In another instance, “I knew I had to stand up and act on moral courage and my value system,” said Cole. “If someone doesn’t want to play fairly, how would it get any better? I didn’t know Ihad it in me. I was 25 at the time. I was crying as I was thinking I would lose my job for being a whistleblower and not do something unethical. Maybe being bullied as a kid helped me to be tougher. I guess I could have been bitter but, instead, I decided I wanted people to like me so I choose a life of service and being nice. I learned I had to do the right thing and go with a gut feeling.”

In 1980, the recently divorced mother of a four-year-old ven-tured out on her own and founded Cole Chemical & Dis- tributing, Inc. with $5,000. At the insistence of chemical industry customer advocates, she was given an opportunity and had a mentor who told her “why not seize the moment” to start her own business. Since then, she has developed a business with up to $90 million in chem- ical sales and chemical supply chain solutions for such cus- tomers, including Bayer Mate- rial Scientific, BP America, Chevron, Colgate, Enbridge, ExxonMobil, Lockheed Martin, Procter & Gamble, Shell, The Southern Companies and Toyota. Throughout the years, Cole Chemical has received nu- merous awards from Fortune 500 companies and the Small Business Administration.

Cole served on President George H. Bush’s export council in 1991-93, the board of the US Japan Council and the advospru board of Women's Energy Network (WEN). 

Cole was inducted into the Greater Houston Women’s Chamber of Commerce Hall of Fame in 2009 and was honored as one of Houston Woman Magazine’s 50 Most Influential Women in 2010 and Top 10 minority-owned Houston businesses by Houston Business Journal and First Inductee in the Energy Legacy Awards.

She presently sits on the advisory boards of Asian Pacific American Women, the Institute for Supply Management, The Women’s Home, the Rockwell Fund and National Veterans Network. Added to this, there have been countless awards and accolades.

As one of our city's most respected leaders, Cole graciously shares her expertise and men- tors many employees, women and minorities. She is preparing the next generation of Cole Chemical to take the helm.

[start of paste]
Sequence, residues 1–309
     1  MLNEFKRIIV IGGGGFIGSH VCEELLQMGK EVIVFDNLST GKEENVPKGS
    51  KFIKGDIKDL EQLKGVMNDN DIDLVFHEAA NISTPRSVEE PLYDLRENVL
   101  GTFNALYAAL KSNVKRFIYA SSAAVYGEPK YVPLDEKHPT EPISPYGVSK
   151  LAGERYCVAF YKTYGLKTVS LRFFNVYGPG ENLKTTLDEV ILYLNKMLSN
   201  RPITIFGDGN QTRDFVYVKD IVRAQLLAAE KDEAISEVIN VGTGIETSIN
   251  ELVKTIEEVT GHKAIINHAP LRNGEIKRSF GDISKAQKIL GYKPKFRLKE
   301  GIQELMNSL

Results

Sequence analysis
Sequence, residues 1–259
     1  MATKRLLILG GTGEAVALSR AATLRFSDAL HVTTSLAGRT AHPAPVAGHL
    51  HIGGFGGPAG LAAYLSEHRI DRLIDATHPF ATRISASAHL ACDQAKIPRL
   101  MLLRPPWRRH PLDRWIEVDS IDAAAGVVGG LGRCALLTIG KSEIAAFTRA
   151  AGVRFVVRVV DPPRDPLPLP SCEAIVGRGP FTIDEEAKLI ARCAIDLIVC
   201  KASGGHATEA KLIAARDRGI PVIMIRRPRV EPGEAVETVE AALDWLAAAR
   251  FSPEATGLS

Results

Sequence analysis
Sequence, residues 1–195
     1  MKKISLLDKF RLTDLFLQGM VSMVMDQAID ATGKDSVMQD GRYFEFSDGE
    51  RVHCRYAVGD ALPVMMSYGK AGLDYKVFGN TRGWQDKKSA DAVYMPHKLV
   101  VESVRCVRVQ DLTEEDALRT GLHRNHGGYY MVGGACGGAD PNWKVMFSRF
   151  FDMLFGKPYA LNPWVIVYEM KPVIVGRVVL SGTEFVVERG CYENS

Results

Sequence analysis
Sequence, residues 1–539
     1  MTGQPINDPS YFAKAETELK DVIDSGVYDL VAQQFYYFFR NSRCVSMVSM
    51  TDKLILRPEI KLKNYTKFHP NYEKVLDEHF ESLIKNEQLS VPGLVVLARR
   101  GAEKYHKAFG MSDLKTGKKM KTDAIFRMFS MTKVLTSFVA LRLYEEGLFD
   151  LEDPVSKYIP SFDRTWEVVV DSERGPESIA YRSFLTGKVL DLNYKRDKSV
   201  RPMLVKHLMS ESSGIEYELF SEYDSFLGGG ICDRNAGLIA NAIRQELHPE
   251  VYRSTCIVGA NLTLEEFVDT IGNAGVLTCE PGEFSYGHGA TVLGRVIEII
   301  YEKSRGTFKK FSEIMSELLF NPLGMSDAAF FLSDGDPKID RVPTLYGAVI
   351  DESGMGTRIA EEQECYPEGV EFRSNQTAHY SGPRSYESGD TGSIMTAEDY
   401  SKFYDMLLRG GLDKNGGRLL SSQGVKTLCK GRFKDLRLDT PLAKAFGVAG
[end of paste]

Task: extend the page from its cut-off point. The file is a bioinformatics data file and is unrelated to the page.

I'm learning patience in a different way,” Cole sighed. “I’m willing to let my people make some mistakes. They’ll learn and develop critical thinking skills to never repeat. In five years, I will become chairman of the board.”

She smiled slyly and eased back in her chair. I can then do what I like in that role — PR, marketing and finance.

Cole supports her bold decision to search for innovative products and technology to continue problem solving for her customers with the same strength and instinct she initially found as a child.

“Our quality service exceeds our customers expectations, along with our responsive sourcing,” she said. “We’ve cut costs. We are better at using our resources and at risk management.”

Cole’s latest endeavor is co- founding Pantheon of Women, a company that portrays strong women and supportive men in film and theatrical productions. The first project, the movie, I Dream Too Much, is available on Netflix and Amazon. Breaking Out of Sunset Place, a play that opened to a sold-out crowd, was hysterically funny and heartwarming. Next is a musi- cal to be performed at Queens- bury Theatre in the spring of 2020 — Lady of Agreda.

“I’m finding balance through meditation and the teachings of Hawaiian priestess Puanani Burgess,” said Cole. “I guess I’m finally connecting and sat- isfying both sides of my brain. There is a time and a season for everything, after all. And, I am blessed and grateful for it.”

Lisa Bunse is a freelance journalist and staff reporter for Houston Woman Magazine.